Jonathan Chang, one-time vice-president of group systems at Aetna Canada and now a consultant at Toronto-based insurance provider The Maritime Life Assurance Company (which has absorbed Aetna), also went the offshore route when he was in his former role. At that time, he secured Cognizant Technology Solutions (CTS), an outsourcer based in Chennai, India, to handle his Y2K remediation.
“We were able to use additional resources on demand, and the rates were much better than what we would have paid [local firms],” Chang said. CTS offered him anywhere from a 30 to 50 per cent savings on staff costs, Chang said. “I paid a full time person [in India]. That individual was dedicated, worked only on our assignment. That has kept the costs manageable.”
Typically, an offshore project works like this: the outsourcer assigns clients at least one on-site liaison contact who’s charged with overseeing the project, ensuring that the client and the staff in India are aware of each other’s requirements. In short, he or she builds the architecture.
But the bulk of the work is sent back to India, where all the hard coding is done. Final testing and integration is performed back at the customer site. In order to keep the client informed, outsourcers follow project management practices that differ little from any other IT project. CTS clients, for instance, obtain their updates via an intranet. In Adivi’s case, Wipro used Microsoft Project, and sent regular e-mail to each party. Many of the larger outsourcers maintain giant bandwidth pipes back to their head offices. And because India is literally halfway across the world, outsourcers there can take full advantage of client site resources while the North American staff are at home sleeping.
Raj Balasundaram, regional manager of Cognizant Technology Solutions Canada in Toronto, said any wariness on the part of North American companies to ship their work to India has diminished over the past several years, as the Internet forces organizations to maintain a global perspective. “It used to be true, five to seven years ago, [there was] a reluctance. But today that myth has been dispelled.”
In fact, the U.S. market is big business for CTS: Balasundaram said that over 80 per cent of CTS’ global revenue is generated in North America. And In terms of staff distribution, about 75 per cent of total staff are located in India, with the remainder in North America and Europe. And by their accounts, business couldn’t be better. Companies are racing to get Web-ready, and that means there’s a huge demand for workers who can quickly build Web retail-related software, as well as link legacy and client/sever systems with Web storefronts.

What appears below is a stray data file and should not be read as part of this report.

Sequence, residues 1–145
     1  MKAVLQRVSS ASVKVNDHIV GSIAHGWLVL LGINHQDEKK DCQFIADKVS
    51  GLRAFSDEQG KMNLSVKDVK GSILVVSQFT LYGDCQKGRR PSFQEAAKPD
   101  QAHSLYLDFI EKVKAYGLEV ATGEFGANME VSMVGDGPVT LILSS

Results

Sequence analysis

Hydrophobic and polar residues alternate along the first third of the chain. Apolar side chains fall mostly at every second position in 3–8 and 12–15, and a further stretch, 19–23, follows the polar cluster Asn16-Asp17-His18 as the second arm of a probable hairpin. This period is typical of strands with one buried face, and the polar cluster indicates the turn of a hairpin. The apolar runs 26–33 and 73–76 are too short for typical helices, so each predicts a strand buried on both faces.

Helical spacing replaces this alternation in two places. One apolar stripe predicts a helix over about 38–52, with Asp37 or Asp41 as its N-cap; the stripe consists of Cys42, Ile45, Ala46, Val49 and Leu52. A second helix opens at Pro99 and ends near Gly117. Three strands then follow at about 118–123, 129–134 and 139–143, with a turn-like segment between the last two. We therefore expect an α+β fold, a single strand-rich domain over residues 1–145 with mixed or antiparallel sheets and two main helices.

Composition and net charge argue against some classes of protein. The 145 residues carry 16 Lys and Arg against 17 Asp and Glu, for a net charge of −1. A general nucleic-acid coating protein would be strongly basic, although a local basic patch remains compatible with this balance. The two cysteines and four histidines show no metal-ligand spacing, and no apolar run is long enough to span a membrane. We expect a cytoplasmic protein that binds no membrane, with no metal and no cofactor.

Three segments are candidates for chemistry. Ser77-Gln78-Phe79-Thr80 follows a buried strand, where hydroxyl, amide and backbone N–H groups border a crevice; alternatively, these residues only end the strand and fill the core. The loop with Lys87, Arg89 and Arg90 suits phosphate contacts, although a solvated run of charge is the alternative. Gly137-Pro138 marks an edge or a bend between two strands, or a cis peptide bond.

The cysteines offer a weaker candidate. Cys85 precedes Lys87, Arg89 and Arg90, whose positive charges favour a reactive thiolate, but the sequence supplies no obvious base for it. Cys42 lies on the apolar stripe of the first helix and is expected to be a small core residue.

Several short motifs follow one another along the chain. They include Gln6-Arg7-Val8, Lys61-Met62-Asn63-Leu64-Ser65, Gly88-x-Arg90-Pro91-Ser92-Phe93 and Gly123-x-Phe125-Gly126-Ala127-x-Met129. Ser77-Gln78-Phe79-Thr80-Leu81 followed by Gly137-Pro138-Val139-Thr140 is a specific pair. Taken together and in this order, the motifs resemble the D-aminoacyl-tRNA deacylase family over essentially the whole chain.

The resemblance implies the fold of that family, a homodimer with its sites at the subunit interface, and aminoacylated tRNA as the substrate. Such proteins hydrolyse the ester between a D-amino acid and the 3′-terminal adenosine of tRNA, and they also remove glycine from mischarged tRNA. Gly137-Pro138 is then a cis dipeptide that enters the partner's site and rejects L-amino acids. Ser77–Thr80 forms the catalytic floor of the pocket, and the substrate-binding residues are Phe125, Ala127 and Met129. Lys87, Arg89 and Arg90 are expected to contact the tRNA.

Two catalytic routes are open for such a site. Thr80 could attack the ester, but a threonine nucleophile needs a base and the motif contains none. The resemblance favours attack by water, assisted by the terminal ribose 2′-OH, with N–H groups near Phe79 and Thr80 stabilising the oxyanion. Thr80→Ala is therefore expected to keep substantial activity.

some caution required
But that doesn’t mean there aren’t challenges for companies that go the offshore route. Chang said at first his full-time staff viewed the outsourcers with some suspicion. That didn’t surprise him.
“Initially, it was for us a new way of deploying resources; in our organization there were some doubts by some of the staff,” he admitted. “But that’s just part of management, making sure your senior people understand the reasons, understand what they’re doing.” In Chang’s case he explained to them that CTS was taking on much of the grunt work that was of little interest to up-and-coming IS staff.
And Adivi – who originally hails from India – said cultural issues and language misunderstandings could arise, though he says Indians are well suited to the North American market. Virtually all schooling in India is done in English, he said, and many of India’s top IT students complete degrees or graduate work in Western Europe or North America.
Still, he’s happy with the way things have turned out for VideosDotCom. “We spent a lot of time up front writing up our requirements…but once we had that in place, it worked out really well. We don’t intend to hire anyone here.”
Though offshore outsourcing can be found everywhere from Ireland to Singapore, the market has really taken off in India. With its large English-speaking population, advanced education system, an advantageous time-zone vis-